Blessed are you,
O God of our Lord Jesus Christ,
in whom we receive the legacy of a living hope,
born again not only from his death
but also from his resurrection.
May we who have received forgiveness of sins
through the Holy Spirit live to set others free,
until, at length, we enter the inheritance
that is imperishable and unfading,
where Christ lives and reigns with you and the same Spirit.
Two things we cannot doubt: no matter how tired we are, no matter how much Holy Week might have taken out of us, we still have to think about the next sermon coming at us; and if it is the Second Sunday of Easter, chances are that sermon might touch on Doubting Thomas. Of course most of us have no trouble conjuring up those doubts ourselves. What role does doubt play in your congregation, in your life? Does the story of Thomas shed any light for you?
The other theme of the gospel is that Easter is not, after all, the end of a journey but rather the beginning. The commentary at Working Preacher makes a suggestion I find intriguing: What if the disciples were locked away, in hiding because they were afraid of the risen Jesus after having failed to miserably to stay with him during his arrest, trial and crucifixion. Could it be that we are a bit afraid of the demands Jesus might make on us if we really took him seriously? What does Jesus us expect from us now that he is, indeed, risen from the dead?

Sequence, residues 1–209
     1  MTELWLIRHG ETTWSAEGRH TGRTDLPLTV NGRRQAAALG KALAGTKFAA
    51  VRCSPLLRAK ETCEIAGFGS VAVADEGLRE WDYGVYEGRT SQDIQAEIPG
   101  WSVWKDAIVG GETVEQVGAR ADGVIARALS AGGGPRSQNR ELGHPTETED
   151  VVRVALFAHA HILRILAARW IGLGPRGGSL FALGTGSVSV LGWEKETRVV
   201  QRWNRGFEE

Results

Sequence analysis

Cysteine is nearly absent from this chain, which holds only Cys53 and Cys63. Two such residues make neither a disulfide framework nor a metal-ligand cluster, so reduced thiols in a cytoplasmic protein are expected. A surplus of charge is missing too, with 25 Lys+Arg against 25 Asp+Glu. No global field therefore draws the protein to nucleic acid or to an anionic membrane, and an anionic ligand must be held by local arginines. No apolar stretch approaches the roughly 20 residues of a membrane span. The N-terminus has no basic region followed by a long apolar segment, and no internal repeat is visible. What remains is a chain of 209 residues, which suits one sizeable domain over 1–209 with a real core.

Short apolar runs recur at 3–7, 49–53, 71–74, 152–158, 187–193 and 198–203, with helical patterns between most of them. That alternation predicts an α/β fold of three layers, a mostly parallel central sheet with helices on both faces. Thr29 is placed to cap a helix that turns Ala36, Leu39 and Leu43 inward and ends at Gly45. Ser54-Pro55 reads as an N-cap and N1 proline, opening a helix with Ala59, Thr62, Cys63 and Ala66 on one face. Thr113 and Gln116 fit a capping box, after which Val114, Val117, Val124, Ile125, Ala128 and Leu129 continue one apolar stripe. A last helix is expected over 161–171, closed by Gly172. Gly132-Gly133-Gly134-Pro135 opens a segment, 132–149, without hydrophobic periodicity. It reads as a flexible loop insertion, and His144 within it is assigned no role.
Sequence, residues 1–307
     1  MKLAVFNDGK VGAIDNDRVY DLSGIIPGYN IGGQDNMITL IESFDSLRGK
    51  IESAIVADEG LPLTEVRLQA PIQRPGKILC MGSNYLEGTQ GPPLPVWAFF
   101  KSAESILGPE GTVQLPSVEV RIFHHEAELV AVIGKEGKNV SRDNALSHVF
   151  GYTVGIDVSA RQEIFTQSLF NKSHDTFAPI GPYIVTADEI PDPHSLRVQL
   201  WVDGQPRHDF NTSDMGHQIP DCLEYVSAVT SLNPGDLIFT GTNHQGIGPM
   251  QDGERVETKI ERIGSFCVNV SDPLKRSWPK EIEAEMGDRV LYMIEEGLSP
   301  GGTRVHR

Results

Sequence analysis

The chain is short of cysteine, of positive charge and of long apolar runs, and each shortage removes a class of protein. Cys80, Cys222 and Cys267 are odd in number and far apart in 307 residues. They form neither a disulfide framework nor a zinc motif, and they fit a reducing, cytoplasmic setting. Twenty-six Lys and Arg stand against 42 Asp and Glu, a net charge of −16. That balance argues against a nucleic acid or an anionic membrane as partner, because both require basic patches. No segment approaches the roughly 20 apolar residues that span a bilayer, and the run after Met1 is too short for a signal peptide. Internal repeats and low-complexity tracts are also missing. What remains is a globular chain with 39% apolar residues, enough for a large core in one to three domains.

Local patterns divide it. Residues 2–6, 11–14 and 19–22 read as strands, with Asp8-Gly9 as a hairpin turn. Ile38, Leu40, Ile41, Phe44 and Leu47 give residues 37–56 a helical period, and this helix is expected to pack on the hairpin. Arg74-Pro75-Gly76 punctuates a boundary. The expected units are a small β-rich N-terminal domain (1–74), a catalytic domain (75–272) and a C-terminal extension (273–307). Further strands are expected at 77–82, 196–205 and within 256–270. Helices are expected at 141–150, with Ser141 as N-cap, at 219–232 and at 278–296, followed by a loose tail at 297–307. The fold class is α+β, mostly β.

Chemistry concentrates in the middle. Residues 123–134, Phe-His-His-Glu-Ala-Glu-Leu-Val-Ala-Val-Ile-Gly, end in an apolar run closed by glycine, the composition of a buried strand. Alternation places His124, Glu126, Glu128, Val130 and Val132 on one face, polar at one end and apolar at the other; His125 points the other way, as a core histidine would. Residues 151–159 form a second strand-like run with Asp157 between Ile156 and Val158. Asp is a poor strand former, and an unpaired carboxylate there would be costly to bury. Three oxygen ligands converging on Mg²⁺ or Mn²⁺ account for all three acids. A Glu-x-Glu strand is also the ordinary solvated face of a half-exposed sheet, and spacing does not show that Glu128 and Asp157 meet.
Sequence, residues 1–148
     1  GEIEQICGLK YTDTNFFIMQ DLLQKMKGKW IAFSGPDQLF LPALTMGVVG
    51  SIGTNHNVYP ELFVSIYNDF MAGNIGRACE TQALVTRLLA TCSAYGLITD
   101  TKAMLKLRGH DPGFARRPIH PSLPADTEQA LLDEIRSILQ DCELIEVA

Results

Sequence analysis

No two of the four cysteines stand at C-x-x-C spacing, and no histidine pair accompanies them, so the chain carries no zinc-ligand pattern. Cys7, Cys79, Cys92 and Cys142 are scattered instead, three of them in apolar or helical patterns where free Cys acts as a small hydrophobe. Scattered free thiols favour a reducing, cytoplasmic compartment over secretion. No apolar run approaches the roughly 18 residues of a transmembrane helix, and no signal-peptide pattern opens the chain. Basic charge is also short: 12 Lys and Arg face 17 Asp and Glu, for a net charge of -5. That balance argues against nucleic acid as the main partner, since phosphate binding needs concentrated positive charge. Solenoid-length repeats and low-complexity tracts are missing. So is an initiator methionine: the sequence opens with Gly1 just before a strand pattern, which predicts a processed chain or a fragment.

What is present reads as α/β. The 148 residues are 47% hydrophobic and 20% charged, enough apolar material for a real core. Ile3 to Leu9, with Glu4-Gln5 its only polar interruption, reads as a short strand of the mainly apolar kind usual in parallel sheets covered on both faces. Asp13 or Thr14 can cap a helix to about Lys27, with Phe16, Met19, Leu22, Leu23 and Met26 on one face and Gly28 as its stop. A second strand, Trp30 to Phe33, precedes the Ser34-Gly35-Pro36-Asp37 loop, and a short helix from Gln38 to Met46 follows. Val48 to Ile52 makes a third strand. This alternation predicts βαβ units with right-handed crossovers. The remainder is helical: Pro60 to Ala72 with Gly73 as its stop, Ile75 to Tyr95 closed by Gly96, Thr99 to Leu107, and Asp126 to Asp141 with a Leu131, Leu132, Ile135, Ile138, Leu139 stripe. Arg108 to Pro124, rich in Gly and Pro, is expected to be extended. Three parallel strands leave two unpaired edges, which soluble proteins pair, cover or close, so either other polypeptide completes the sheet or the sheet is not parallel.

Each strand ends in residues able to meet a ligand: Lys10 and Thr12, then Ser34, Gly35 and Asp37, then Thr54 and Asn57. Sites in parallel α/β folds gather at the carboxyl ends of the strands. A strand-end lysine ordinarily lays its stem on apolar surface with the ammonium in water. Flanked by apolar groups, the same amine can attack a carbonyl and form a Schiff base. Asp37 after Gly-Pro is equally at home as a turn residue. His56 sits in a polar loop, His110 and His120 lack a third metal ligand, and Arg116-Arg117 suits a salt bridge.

Our reading from the Acts of the Apostles brings us the into the life of the disciples after Pentecost. As Peter addresses the crowds after the sending of the Spirit,he places the death and resurrection of Jesus squarely in the context of God’s might acts of salvation for the people of Israel and of God’s overall plan for creation. Where do we see ourselves in this picture? Or do we?
Our second reading is the first of four installments covering most of the first letter of Peter. Here Peter reminds his audience that they have been given new birth through Jesus’ resurrection into an inheritance that is “imperishable, undefiled, and unfading, kept in heaven for you, who are being protected by the power of God through faith for a salvation ready to be revealed in the last time.” This brings us both joy in the present and hope for the future. Peter compares faith to gold which must be refined by fire. How might this image embolden us in our ministry, strengthen our faith, hold us up in our life in Christ?
We might still be tired, preachers, (I know I am!) but the task is before us. How are this weeks readings speaking to you?What inspiration do you find to share on what may be a “low Sunday” for many of us. What questions are you pondering? Join the conversation; there is always strength to be found in our numbers!